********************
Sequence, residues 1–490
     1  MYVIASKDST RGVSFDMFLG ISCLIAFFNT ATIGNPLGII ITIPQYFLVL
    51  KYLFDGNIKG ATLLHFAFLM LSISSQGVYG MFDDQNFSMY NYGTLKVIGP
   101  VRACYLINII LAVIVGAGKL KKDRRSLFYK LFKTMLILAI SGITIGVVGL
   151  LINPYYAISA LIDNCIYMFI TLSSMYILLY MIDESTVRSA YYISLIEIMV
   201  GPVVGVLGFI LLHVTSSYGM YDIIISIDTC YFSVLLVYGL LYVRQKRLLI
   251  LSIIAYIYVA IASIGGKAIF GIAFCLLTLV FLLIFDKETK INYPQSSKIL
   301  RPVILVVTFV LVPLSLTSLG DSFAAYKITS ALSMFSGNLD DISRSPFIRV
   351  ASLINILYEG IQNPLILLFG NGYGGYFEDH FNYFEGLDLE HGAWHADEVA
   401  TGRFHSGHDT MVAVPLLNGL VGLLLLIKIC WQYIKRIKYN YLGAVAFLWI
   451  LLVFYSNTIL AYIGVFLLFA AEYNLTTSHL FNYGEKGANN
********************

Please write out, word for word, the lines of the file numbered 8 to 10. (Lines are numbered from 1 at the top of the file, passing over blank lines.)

   301  RPVILVVTFV LVPLSLTSLG DSFAAYKITS ALSMFSGNLD DISRSPFIRV
   351  ASLINILYEG IQNPLILLFG NGYGGYFEDH FNYFEGLDLE HGAWHADEVA
   401  TGRFHSGHDT MVAVPLLNGL VGLLLLIKIC WQYIKRIKYN YLGAVAFLWI